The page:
100 Cauliflowers

Image from the Independent Photography Flickr Site
Image from the Independent Photography Flickr Site

I received an interesting invite card at work this week for an intriguing looking project ...

"In April 2007 environmental artist Kerry Morrison was commissioned by Independent Photography (IP) to research environmental issues on the Greenwich peninsula and develop proposals for working with local residents on new art projects for the public realm. 100 Cauliflowers is one of these projects, developing from specific research into the peninsula’s history alongside discussion with residents about issues of food growing, sourcing and consumption.

100 Cauliflowers is part of IP’s ‘Peninsula‘ programme of contemporary participative art. ‘Peninsula’ commissions artists to engage with the Greenwich peninsula and its changing environment, and to produce new work in collaboration with local residents."

Visit their site to find our why cauliflowers!

The Three Mills Loop

The cathedral of sewage ...
The cathedral of sewage ...

Just one of the walk highlights

Our friend Gordon will be leading 2 walks over the next 2 Sundays round the 'three mills loop'. Readers of this blog will recognise the route from the one we took a couple of weeks ago prompting descent into a 'structural hole' - I hope these two prove as productive!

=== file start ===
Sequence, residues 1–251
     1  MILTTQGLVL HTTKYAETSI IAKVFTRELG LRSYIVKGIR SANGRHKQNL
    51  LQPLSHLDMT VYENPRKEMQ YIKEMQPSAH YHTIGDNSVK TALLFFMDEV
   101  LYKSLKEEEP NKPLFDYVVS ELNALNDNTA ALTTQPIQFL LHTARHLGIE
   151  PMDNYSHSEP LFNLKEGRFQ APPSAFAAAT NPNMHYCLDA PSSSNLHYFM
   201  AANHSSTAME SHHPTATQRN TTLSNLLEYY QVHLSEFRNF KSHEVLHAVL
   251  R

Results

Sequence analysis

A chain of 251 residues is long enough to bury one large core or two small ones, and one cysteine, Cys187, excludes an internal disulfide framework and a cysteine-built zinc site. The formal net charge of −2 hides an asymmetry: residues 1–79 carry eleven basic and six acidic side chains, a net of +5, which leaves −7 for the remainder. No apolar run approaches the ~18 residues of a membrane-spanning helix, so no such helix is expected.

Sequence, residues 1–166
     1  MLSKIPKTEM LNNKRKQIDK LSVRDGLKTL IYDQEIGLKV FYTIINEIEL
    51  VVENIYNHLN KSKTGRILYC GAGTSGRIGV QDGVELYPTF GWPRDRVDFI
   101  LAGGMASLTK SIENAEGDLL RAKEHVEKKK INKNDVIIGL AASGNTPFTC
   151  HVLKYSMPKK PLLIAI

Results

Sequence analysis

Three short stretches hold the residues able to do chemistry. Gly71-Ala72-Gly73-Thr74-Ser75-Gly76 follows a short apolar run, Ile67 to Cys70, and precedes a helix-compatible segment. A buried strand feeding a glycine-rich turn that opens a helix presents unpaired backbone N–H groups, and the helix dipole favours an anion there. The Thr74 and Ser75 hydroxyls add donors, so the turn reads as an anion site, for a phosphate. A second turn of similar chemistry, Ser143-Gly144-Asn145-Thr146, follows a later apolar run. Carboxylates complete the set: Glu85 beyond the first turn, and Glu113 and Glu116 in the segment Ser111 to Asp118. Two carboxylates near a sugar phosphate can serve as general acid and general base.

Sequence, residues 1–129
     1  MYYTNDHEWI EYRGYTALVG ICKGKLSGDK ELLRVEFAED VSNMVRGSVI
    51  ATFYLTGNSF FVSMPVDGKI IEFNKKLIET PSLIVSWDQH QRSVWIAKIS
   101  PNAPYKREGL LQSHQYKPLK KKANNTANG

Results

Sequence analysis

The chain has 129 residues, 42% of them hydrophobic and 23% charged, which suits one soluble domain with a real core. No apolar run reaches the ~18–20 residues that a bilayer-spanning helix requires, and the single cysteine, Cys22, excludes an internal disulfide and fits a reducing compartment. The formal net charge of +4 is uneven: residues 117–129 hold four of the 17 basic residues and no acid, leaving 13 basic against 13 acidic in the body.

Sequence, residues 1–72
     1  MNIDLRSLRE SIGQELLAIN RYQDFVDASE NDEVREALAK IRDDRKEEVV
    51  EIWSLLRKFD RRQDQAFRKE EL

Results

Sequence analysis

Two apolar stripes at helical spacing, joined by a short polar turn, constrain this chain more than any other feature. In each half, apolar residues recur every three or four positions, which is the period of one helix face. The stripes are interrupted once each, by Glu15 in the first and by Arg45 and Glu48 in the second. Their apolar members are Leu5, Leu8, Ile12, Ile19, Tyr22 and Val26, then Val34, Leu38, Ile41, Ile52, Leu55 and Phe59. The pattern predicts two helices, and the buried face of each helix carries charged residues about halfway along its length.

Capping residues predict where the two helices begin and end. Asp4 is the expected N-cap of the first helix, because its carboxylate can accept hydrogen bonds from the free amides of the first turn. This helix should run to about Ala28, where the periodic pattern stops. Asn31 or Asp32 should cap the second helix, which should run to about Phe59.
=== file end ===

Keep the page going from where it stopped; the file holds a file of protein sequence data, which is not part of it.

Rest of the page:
The Three Mills Loop (a circular walk starting and ending at House Mill) will take place for the next two Sundays, May 4th and May 11th, at 1 pm and for the next few months on the first Sunday of the month.

The walk starts and ends at House Mill, Three Mill Lane, London E3 3DU which is near Tesco on the A12. Bromley by Bow is the near tube station.

More details here

No registration required.

The House Mill is open from 11 am for tours, which last between 45 minutes and an hour: click here for more information.


The Plaistow Landgrabbers pictured in 1906.
The Plaistow Landgrabbers pictured in 1906.

Photo: With thanks to Newham Archives and Local Studies

We have a name for the project inspired by this strange photograph of the Plaistow Landgrabbers taken from 'The Newham Story' ....

" ... At this time there was still the view that if you were unemployed it was your
own fault. Then in July 1906 a group of local men occupied some waste
ground in St Mary’s Road, Plaistow. They were led by Councillor Ben
Cunningham. They cleared the site and laid it out in four triangle shapes and
planted vegetables. It became known as Triangle Camp.
The men had two aims: to show that waste ground could be put to good use
and to show that the unemployed were willing to work.
The Council saw things differently and served the men with an injunction.
Eventually the men were removed but they had made their point. Locally at
least attitudes started to change towards the unemployed."

The men have painted the back wall of the plot with the phrase WHAT WILL THE HARVEST BE? For some reason it reads very much like a contemporary URL.


The friends of Abbey Gardens get stuck in
The friends of Abbey Gardens get stuck in

photo: Nina Pope

Nothing like a bit of Pickaxe action to get folk involved! I think the residents of Bakers Row felt sorry for us on Saturday by which time the soil inside the shape had dried out and compacted to the point where a pickaxe really was the most suitable tool ...